that inhabited the Earth worshiped nature. This is supported by archaeological evidence dating to the prehistoric era; thousands of years ago our predecessors worshipped the Earth as a living female being¹. This belief led to the rise of matriarchical societies and when these eclipsed, the notion that nature was female was retained in the deities that people believed in. For example, in ancient Greece among the twelve gods of Olympus it was Demeter that was the goddess of harvest, agriculture, and fertility. People attributed the change of seasons to her mourning of the loss of her daughter Persephone who spent winters in the underworld with Hades; the months Persephone stayed with Hades were believed to be those when the land was not productive and when Persephone joined her mother spring would come.
Even today the expression mother nature is one that we still often use and it clearly has its roots in that intuitive perception of nature as a female entity. The parallel is not surprising: nature and the Earth bear fruit and create life, very much like women give birth; nature provides nurture and shelter to plants and animals, very much like mothers protect their babies.
So if there is a bond between women and our planet, does this mean our planet needs a woman’s touch?
Funnily enough, if anything, women are left out of the conversation when it comes to the planet’s protection. About five years ago, in 2011, UN experts sounded the alarm bell when they acknowledged that women in Africa were being excluded from accessing funds for dealing with climate change². With mostly women working in agriculture in Africa, the sector probably hit the most by climate change, the absence of funds going to them not only means that there are no adequate mitigation mechanisms put in place when it comes to the impacts of agriculture, but that existing gender imbalances will be further sharpened. The same study revealed that the majority of funding, around 70%, from the World Bank’s Climate Investment Funds goes to financing energy and transportation projects, male-dominated sectors of the economy².
According to the Women’s Environment and Development Organisation (WEDO), environmental challenges such as climate change affect women in a way that is disproportionally greater compared to men. This is because women, particularly in developing countries, have more limited access to resources and rights, fewer opportunities for mobility and are often excluded from participating in the decision-making process. Furthermore, the division of labour in developing countries is such that women’s role relate to taking care of households and communities, cultivating and preserving seeds and soils, preserving traditional agricultural knowledge and practices, as well as managing important for the communities natural resources such as firewood and water³. Providing a sense of the scale of the service women provide to these communities is the fact that women in developing countries collect 80% of the wild edibles and save up to 90% of the seeds used in small-scale agriculture⁴.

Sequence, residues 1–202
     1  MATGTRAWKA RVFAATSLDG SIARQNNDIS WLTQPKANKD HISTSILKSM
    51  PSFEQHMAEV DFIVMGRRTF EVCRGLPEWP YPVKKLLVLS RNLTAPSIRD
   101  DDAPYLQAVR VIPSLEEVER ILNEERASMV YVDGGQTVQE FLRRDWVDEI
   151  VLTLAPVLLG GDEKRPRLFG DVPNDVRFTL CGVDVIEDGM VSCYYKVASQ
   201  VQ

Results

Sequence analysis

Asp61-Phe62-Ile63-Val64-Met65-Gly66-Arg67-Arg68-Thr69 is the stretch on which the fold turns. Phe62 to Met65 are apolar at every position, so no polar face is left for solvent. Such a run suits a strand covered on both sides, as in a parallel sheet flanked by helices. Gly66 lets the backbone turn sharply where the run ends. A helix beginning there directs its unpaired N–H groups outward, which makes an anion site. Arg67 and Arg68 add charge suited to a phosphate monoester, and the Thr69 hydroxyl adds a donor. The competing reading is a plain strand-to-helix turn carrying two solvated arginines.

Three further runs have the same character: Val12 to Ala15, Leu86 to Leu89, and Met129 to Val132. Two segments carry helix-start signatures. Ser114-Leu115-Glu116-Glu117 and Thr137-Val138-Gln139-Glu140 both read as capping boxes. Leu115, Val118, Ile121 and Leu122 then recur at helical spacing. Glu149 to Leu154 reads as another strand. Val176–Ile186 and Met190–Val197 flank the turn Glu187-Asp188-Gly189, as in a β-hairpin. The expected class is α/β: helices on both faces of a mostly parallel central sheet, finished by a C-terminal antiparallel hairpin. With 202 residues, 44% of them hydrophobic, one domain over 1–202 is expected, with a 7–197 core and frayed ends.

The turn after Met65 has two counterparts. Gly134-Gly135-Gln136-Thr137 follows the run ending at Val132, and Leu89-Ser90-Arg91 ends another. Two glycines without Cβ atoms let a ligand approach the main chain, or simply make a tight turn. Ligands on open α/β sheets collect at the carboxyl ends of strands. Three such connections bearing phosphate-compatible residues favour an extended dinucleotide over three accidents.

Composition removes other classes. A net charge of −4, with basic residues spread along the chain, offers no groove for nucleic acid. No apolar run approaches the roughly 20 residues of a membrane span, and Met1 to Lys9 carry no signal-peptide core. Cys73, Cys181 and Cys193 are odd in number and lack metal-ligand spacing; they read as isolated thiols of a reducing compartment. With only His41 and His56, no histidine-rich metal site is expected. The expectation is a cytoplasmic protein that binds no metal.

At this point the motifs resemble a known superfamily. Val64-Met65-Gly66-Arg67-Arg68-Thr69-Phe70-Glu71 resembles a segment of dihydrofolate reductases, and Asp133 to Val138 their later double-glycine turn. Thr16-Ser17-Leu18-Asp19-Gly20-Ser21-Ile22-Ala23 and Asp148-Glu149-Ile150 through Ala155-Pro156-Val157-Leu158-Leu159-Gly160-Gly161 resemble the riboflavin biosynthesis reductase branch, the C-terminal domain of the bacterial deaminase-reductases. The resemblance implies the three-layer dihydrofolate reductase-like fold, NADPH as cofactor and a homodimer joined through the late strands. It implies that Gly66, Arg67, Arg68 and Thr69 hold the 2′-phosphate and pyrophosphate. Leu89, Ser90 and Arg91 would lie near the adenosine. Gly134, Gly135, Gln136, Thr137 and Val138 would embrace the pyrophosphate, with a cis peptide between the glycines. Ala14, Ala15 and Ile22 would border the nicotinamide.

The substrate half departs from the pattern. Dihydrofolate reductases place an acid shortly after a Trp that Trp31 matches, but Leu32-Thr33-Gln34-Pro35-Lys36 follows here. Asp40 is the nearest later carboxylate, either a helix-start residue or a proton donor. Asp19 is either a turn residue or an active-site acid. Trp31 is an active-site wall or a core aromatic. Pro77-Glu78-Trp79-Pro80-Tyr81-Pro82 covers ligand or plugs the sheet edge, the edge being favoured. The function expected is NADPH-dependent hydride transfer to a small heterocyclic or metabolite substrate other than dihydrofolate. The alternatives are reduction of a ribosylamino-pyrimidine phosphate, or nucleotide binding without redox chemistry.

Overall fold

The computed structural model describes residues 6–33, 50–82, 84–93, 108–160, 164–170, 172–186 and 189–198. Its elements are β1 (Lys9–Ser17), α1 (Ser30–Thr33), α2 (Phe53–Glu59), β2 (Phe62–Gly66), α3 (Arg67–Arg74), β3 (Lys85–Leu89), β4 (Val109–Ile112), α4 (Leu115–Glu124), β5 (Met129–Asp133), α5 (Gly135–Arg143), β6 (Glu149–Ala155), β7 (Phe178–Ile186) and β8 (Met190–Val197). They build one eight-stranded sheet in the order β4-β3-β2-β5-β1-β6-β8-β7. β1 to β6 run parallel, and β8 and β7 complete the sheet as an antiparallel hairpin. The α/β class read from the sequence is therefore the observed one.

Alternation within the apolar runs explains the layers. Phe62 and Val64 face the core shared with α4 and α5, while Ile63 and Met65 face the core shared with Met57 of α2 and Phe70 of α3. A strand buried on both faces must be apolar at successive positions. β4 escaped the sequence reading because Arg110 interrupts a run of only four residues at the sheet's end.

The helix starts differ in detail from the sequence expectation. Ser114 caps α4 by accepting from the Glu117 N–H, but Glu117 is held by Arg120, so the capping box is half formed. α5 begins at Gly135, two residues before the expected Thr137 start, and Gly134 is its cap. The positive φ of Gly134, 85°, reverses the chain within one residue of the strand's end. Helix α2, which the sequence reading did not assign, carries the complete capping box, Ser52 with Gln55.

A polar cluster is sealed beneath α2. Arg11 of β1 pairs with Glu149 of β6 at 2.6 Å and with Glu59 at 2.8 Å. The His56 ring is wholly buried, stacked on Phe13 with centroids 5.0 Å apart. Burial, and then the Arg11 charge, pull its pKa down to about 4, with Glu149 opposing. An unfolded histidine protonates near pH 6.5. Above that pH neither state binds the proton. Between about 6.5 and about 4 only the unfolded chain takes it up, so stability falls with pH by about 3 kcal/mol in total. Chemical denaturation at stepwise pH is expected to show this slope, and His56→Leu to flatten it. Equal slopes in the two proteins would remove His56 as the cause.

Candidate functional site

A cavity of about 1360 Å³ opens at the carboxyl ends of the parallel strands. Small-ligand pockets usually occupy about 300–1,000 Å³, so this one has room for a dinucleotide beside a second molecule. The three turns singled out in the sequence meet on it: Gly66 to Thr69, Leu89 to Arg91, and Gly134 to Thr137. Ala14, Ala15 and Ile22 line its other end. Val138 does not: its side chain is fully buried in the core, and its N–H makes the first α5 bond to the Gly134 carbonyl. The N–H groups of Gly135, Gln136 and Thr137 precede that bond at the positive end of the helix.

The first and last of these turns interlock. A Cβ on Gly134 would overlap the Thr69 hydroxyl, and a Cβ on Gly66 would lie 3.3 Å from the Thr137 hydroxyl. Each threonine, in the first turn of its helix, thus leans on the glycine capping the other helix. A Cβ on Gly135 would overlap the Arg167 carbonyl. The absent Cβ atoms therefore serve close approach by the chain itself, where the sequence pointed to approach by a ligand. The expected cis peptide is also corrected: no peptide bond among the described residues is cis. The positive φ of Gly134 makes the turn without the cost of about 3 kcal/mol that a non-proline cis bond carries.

On the ground, the benefits of involving women in conservation projects and policy are now being widely documented. For example, in 2013 an NGO called SCOPE with the support of the Scottish government set up a project to engage women in conservation in the area of Tharparkar, in south-east Pakistan. It helped women grow a local gum tree, guggal, which is widely used in everyday products such as cosmetics. The gum tree had been under threat of extinction but with the conservation efforts of the Tharparkar women this has been halted and the women are able to generate income from their efforts which they then invest in small-scale agriculture projects or to help educate their children⁵.
The role of women in conservation is a crucial one since it is widely recognised that there is substantial overlap between the areas of conservation, development and livelihood, areas which primarily fall within the area of responsibility of women given their role in their local communities ⁶.
This is why in 2008 the Nike Foundation, in collaboration with others such as the NoVo Foundation, and United Nations Foundation, launched the Girl Effect, a campaign challenging people to think differently about the role of girls (and women) in sustainable development⁶. At the time of the launch of this campaign, a further study revealed that an educated girl will invest 10-20 times more income back into her family and community than a man would, further corroborating empirical evidence on the unique contribution of women to sustainable development⁷.
To realise the benefits that women can bring to the environment, they need to play a direct role in the policies and practices that are put in place for protecting the natural resources their communities rely on. These structures and mechanisms need to be developed proactively as currently traditional gender roles are prohibiting this. The good news is that there are plenty of examples of how this can be overcome. More specifically, in Uganda, the African Wildlife Fund (AFW) is working with the Uganda Wildlife Authority to partner up conservation champions with young women and mentor them into conservation leadership⁸.